In response to affordability, the PhD in Marketing touts, “… creative offerings such as summer courses online, weekend courses for working students, etc. Not every college has to offer every choice but if state and federal legislators care about the cost of education, then higher education within each state should be designed to address these needs. By in large, that does not happen.”
Along the lines of cost, more “Super Seniors” are turning a four-year college experience into a five-year plan, and perhaps adding a Master’s Degree at the end. Dr. Keep cautions expecting too much from an 18-year old, but realizes that, “… Exploring career paths and future possibilities can be wonderful, uncertain, somewhat scary, and tremendously rewarding. To get the most of that a student needs a flexible plan, a bit of discipline, and the encouragement to make their own choices.” He recommends a college student revisit their overall plan at least twice per school year. Research shows schools with higher graduation rates, like TCNJ, work hard towards a four-year completion.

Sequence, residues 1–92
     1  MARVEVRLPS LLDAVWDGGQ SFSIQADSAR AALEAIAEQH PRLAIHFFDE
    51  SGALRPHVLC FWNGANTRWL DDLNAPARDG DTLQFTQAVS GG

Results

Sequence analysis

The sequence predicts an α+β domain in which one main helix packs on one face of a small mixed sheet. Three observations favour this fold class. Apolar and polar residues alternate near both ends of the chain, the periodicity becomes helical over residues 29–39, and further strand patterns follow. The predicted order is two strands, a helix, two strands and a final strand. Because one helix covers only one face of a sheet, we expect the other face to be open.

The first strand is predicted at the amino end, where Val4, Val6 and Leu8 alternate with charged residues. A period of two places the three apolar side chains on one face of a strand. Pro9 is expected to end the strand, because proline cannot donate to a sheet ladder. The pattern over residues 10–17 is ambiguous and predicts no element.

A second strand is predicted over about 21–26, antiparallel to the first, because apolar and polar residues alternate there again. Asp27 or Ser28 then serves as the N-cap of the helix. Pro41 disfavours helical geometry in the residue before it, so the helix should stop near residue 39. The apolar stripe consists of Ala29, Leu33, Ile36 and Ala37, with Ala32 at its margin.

So Many Degrees and So Little Time
There has been much talk around the buzzword “STEM” (Science, Technology, Engineering, and Mathematics). “Nationally these types of incentives and related investments in economically necessary areas tend to quickly get political. I think the same way about investing in physical infrastructure such as roads, highways, subways, airports, and railroads. I would give us a grade of “C-” when it comes to investing in infrastructure so I am not hopeful of any sort of long term investment in economically necessary areas such as STEM,” the former congressional staffer admits.